• An analysis of child abuse cases in a nationally representative sample of 42 counties found that children from single-parent families are more likely to be victims of physical and sexual abuse than children who live with both biological parents. Compared to their peers living with both parents, children in single parent homes had:

    • a 77% greater risk of being physically abused

    • an 87% greater risk of being harmed by physical neglect

    • a 165% greater risk of experiencing notable physical neglect

    • a 74% greater risk of suffering from emotional neglect

    • an 80% greater risk of suffering serious injury as a result of abuse
      Source: Sedlak, Andrea J. and Diane D. Broadhurst. The Third National Incidence Study of Child Abuse and Neglect: Final Report. U.S. Department of Health and Human Services. National Center on Child Abuse and Neglect. Washington, D.C., September 1996.

  • Researchers at Columbia University found that children living in two-parent household with a poor relationship with their father are 68% more likely to smoke, drink, or use drugs compared to all teens in two-parent households. Teens in single mother households are at a 30% higher risk than those in two-parent households.Source: "Survey Links Teen Drug Use, Relationship With Father." Alcoholism & Drug Abuse Weekly 6 September 1999: 5.

  • The National Longitudinal Survey of Youth found that obese children are more likely to live in father-absent homes than are non-obese children. Source: National Longitudinal Survey of Youth

  • Fatherless children are twice as likely to drop out of school.Source: U.S. Department of Health and Human Services. National Center for Health Statistics. Survey on Child Health. Washington, D.C.: GPO, 1993.

  • Father involvement in schools is associated with the higher likelihood of a student getting mostly A's. This was true for fathers in biological parent families, for stepfathers, and for fathers heading single-parent families.Source: Nord, Christine Winquist, and Jerry West. Fathers' and Mothers' Involvement in Their Children's Schools by Family Type and Resident Status. (NCES 2001-032). Washington, D.C.: U.S. Department of Education, National Center for Education Statistics, 2001.

  • Students living in father-absent homes are twice as likely to repeat a grade in school; 10 percent of children living with both parents have ever repeated a grade, compared to 20 percent of children in stepfather families and 18 percent in mother-only families.Source: Nord, Christine Winquist, and Jerry West. Fathers' and Mothers' Involvement in Their Children's Schools by Family Type and Resident Status. (NCES 2001-032). Washington, D.C.: U.S. Department of Education, National Center for Education Statistics, 2001.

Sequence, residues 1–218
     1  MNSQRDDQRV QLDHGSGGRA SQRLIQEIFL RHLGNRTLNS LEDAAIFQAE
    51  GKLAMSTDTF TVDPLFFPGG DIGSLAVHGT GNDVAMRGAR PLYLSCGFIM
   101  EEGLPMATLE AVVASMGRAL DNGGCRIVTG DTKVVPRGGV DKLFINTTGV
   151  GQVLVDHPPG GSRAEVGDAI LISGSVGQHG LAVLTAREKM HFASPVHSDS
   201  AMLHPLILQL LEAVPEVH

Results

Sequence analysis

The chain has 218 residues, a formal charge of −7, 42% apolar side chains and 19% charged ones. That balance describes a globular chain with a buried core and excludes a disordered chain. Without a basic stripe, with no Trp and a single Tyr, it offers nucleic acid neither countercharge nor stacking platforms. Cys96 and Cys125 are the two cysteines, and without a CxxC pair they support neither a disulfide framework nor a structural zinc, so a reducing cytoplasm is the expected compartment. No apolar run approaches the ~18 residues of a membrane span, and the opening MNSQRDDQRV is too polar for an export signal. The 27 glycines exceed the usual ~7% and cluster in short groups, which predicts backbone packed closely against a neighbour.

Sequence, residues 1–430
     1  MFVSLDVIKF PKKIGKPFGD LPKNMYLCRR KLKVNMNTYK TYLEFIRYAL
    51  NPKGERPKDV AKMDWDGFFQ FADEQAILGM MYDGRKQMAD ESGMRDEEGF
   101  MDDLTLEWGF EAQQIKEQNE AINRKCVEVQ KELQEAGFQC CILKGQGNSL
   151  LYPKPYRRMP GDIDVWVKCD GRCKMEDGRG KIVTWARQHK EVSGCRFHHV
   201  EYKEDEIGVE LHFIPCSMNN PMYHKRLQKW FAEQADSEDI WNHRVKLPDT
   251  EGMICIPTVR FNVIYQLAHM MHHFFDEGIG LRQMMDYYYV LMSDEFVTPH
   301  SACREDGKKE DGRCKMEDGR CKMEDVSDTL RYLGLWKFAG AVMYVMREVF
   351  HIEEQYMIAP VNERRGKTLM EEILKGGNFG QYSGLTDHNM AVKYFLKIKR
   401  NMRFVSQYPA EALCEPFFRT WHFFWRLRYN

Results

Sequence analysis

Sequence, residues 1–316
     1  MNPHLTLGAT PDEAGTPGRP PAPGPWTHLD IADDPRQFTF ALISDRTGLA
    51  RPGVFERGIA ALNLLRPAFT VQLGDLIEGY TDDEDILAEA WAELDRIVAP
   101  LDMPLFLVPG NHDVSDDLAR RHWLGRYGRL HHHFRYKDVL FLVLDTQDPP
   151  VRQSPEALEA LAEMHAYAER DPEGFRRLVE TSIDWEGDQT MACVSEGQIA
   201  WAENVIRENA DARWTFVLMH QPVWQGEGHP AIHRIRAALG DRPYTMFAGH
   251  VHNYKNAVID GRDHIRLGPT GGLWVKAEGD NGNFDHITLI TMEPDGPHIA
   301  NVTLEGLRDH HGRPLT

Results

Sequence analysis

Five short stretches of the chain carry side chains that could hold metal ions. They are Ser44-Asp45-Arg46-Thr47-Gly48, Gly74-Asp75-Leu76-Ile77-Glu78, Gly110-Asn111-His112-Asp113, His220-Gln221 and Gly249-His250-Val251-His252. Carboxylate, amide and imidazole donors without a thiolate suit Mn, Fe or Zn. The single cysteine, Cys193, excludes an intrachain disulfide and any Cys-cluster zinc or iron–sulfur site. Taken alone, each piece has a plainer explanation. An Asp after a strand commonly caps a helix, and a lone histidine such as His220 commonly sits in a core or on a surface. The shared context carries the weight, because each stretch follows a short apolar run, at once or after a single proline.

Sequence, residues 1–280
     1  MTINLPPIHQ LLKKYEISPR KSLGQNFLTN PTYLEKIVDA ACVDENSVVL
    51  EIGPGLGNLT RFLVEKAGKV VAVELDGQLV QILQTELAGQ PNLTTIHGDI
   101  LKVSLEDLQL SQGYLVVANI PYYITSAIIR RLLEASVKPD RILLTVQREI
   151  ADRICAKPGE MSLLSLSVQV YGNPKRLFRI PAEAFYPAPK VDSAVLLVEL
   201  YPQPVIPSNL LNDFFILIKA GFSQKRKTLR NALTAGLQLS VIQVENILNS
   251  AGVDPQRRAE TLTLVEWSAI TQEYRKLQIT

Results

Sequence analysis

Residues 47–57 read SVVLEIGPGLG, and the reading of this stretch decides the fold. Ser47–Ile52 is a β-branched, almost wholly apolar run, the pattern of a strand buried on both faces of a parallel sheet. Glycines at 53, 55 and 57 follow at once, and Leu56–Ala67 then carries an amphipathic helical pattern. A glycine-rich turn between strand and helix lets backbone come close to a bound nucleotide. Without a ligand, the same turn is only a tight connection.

• In 2001, 61 percent of 3- to 5-year olds living with two parents were read aloud to everyday by a family member, compared to 48% of children living in single- or no-parent families.Source: Federal Interagency Forum on Child and Family Statistics. America's Children: Key National Indicators of Well-Being, 2002. Table ED1. Washington, DC: U.S. Government Printing Office, 2003.

  • Kindergarteners who live with single-parents are over-represented in those lagging in health, social and emotional, and cognitive outcomes. Thirty-three percent of children who were behind in all three areas were living with single parents while only 22% were not lagging behind.Source: Wertheimer, Richard and Tara Croan, et al. Attending Kindergarten and Already Behind: A Statistical Portrait of Vulnerable Young Children. Child Trends Research Brief. Publication #2003-20. Washington, DC: Child Trends, 2003.

  • In two-parent families, children under the age of 13 spend an average of 1.77 hours engaged in activities with their fathers and 2.35 hours doing so with their mothers on a daily basis in 1997. Children in single parent families spent on .42 hours with their fathers and 1.26 hours with their mothers on daily basis.Source: Lippman, Laura, et al. Indicators of Child, Family, and Community Connections. Office of the Assistant Secretary for Planning and Evaluation. Washington, DC: US Department of Health and Human Services, 2004.

  • Half of all children with highly involved fathers in two-parent families reported getting mostly A's through 12th grade, compared to 35.2% of children of nonresident father families. Source: National Center for Education Statistics. The Condition of Education. NCES 1999022. Washington, DC: U.S. Dept. of Education, 1999: 76.